This is the price we pay for electing a dangerous idiot:
The Environmental Protection Agency is set to announce Thursday that it will loosen federal rules on methane, a powerful greenhouse gas linked to climate change, according to two senior administration officials.
The proposed rule will reverse standards enacted under former president Barack Obama that require oil and gas operations to install controls on their operations to curb the release of methane at the well head and in their transmission equipment, including pipelines, processing and storage facilities.
I just had a debate with a friend over the fugitive Methane problem, which is why these numbers are already in my head: We've got 2.4 million miles of pipelines in the U.S. alone, and some 1.1 million active oil & gas wells in some stage of operation. This rule was a critical step in reducing greenhouse gases, but Trump doesn't care about any of that. He's like an angry toddler breaking some other kid's toys:
Environmentalists threatened to fight the Trump administration’s move in court.
“This reckless rollback highlights the Trump administration’s complete contempt for our climate,” said Kassie Siegel, director of the Climate Law Institute at the Center for Biological Diversity, an advocacy group. “The EPA is now so determined to actually increase greenhouse pollution that it’s even shrugging off concerns from oil and gas companies about gutting these protections. Fracked gas is a climate killer, and Trump’s rash embrace of this dirty stuff showcases the need for the next president to commit to a rapid phase-out of fossil fuels.”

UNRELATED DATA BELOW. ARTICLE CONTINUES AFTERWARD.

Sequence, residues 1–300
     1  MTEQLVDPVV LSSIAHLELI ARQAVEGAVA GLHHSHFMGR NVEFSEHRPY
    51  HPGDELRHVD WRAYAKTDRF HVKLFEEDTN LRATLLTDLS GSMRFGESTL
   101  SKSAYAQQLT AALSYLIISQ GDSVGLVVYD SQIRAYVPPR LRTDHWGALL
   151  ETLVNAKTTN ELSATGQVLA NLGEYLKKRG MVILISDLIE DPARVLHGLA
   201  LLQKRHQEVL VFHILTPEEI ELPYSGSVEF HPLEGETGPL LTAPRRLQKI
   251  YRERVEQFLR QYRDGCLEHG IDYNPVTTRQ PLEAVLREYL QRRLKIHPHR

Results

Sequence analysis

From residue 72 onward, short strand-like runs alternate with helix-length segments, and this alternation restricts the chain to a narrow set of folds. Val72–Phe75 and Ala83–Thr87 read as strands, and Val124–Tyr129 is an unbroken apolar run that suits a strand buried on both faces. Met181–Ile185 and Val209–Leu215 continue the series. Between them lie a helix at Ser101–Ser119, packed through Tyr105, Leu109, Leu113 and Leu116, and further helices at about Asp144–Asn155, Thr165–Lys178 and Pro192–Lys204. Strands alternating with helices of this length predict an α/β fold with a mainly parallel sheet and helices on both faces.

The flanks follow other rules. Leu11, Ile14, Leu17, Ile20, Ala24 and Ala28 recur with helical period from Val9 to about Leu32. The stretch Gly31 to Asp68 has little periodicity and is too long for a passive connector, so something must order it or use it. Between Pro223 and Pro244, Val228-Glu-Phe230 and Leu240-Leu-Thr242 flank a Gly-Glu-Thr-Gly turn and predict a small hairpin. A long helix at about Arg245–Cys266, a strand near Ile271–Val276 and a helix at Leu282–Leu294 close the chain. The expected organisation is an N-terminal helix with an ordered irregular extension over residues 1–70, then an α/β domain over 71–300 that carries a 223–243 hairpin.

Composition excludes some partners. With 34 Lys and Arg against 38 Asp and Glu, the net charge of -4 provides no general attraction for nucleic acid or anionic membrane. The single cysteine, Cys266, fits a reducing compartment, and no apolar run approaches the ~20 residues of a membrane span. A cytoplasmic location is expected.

The Obama administration’s push to impose the first-ever limits on methane emissions from the oil and gas industry in 2016 came shortly after the EPA found that emissions were on an upswing at a time when booming U.S. shale oil and gas drilling had dramatically driven down prices for domestic natural gas and global oil alike.
Methane emissions were on an "upswing" for two big reasons: Tens of thousands of new fracked gas wells were drilled, and they were drilled as cheaply as possible to stay profitable with dropping prices. Instead of the industry improving its handling of fugitive emissions with new technology derived from experience, it got worse. That's when regulation is not only called for, but desperately needed.